From Þingvellir, we drove to Laugarvatn, a little town on the eponymous lake. We were going to have dinner at Lindin, a restaurant there, but we arrived early, so we walked from the lakeside restaurant’s deck toward the water. Here we stumbled upon Vígðalaug, the Blessed Pool, a hot spring-fed pool used for baptisms when Iceland adopted Christianity in 1000 (people didn’t want to be baptized in cold water!). The six bier stones (Líkasteinar) nearby are associated with the last Catholic bishop of Iceland, Jón Arason, and his sons, who were beheaded when Lutheranism was being imposed by Denmark and whose bodies were washed in the pool.

Vígðalaug

Although the sun was shining, it certainly wasn’t hot, so I was surprised to see a windsurfer on the lake, as well as some swimmers farther off. But then I dipped my hand in the water on the beach and realized it was warm; Laugarvatn has hot springs.

Our first dinner in Iceland, and every subsequent meal we ate a restaurant, was delicious. Fish and lamb dishes (including fish and meat soup) dominate menus, and potatoes abound too.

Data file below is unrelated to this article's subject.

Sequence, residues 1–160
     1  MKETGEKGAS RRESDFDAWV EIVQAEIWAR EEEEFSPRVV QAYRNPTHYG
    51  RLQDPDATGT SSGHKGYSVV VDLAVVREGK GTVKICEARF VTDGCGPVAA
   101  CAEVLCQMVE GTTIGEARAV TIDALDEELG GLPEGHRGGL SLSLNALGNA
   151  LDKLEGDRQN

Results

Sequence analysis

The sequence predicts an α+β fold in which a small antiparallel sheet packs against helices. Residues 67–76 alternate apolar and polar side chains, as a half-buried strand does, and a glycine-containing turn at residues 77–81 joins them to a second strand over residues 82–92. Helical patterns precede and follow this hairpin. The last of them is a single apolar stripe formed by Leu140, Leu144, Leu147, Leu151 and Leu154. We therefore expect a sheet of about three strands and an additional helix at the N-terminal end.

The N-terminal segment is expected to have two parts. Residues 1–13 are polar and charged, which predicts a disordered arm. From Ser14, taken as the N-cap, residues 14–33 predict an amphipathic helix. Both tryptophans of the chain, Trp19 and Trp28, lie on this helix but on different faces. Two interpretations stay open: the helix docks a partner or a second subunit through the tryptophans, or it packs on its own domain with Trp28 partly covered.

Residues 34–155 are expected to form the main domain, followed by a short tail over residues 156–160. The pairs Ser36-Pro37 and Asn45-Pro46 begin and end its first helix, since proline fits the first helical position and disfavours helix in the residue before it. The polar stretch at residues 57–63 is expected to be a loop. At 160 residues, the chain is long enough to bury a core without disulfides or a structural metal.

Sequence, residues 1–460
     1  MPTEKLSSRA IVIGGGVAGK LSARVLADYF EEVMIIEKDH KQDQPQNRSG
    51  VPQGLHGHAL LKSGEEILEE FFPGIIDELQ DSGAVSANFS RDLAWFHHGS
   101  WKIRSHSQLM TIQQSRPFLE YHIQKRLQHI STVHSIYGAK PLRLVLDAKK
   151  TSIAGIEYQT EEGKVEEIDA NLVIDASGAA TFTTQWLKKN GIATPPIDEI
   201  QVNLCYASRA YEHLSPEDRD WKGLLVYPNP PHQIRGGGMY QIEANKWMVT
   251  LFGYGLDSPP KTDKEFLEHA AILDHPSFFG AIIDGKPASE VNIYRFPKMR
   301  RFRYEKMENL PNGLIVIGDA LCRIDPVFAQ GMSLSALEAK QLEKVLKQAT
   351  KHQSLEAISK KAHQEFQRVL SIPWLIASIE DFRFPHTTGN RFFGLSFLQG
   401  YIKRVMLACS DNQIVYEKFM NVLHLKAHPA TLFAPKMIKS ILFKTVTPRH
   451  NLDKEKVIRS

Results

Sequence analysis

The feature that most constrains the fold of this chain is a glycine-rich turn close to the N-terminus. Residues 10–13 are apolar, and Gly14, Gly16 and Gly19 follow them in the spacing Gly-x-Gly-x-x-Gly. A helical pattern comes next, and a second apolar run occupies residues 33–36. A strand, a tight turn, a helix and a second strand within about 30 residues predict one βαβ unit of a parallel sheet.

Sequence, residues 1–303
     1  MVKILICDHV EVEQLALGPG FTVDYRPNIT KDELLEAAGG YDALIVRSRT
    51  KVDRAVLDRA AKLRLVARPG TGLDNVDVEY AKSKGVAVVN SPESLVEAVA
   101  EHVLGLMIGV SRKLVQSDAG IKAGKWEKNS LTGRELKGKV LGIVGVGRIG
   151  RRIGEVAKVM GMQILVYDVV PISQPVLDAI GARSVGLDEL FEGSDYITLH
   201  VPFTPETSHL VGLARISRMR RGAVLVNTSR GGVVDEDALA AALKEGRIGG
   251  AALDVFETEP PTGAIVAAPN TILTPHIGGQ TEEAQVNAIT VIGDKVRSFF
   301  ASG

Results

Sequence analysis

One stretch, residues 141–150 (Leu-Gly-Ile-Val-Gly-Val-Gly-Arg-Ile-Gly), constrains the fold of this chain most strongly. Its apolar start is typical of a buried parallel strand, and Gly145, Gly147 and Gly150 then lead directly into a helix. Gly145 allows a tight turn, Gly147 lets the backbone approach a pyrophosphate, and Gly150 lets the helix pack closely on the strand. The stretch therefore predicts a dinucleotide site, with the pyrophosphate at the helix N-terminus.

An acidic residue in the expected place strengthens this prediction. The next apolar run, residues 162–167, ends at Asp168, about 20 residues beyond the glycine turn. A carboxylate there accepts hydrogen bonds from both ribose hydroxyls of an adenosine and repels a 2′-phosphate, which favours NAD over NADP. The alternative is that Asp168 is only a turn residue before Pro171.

My Arctic char at Lindin

The next morning, we went on a short walk from the guesthouse, greeting the sheep and horses on our way out. (Driving around Iceland, you see many, many horses and sheep, though the latter are usually only in trios or small groups, never flocks, as they roam free in the summer. Cows are rarer but do appear on occasion.) We walked over to Mosfellskirkja, the local church. As we were leaving, a raven was perched on its roof cawing.

Steaming mudpots in the Geysir area

We drove past Þingvallavatn again and on to the Geysir complex, which is well-outfitted for the plentiful tourists like us. We ate excellent sandwiches and cake in the cafeteria and then crossed the road to see the geothermal sights. A thin stream trickled along the path, with periodic signs indicating that the water’s temperature was between 80° and 100° Celsius. Plumes of steam emanated from mudpots, some of which were actually bubbling like cauldrons over the fire.

The geyser Strokkur, in between eruptions

We reached Strokkur, a geyser that’s currently like the Old Faithful of Iceland because it erupts, fountaining water and steam, every 6-8 minutes or so (at least while we were there). Tourists lined up along a rope barrier, phones held at the ready for the next blast. At least once we saw Strokkur erupt twice in quick succession, with the second eruption like an extra hiccup.

A pool

We climbed further up toward other pools. This area feels a lot like parts of Yellowstone, with pools of clear water, blue at their deepest points and rust and white around their lichenous edges. The ground underwater seems to open up into caverns. There was one milky blue steaming pot, though. Up the slope, Alaskan lupines (not a native plant) lined the path, and there were a few purple flowers still in bloom.

A lupine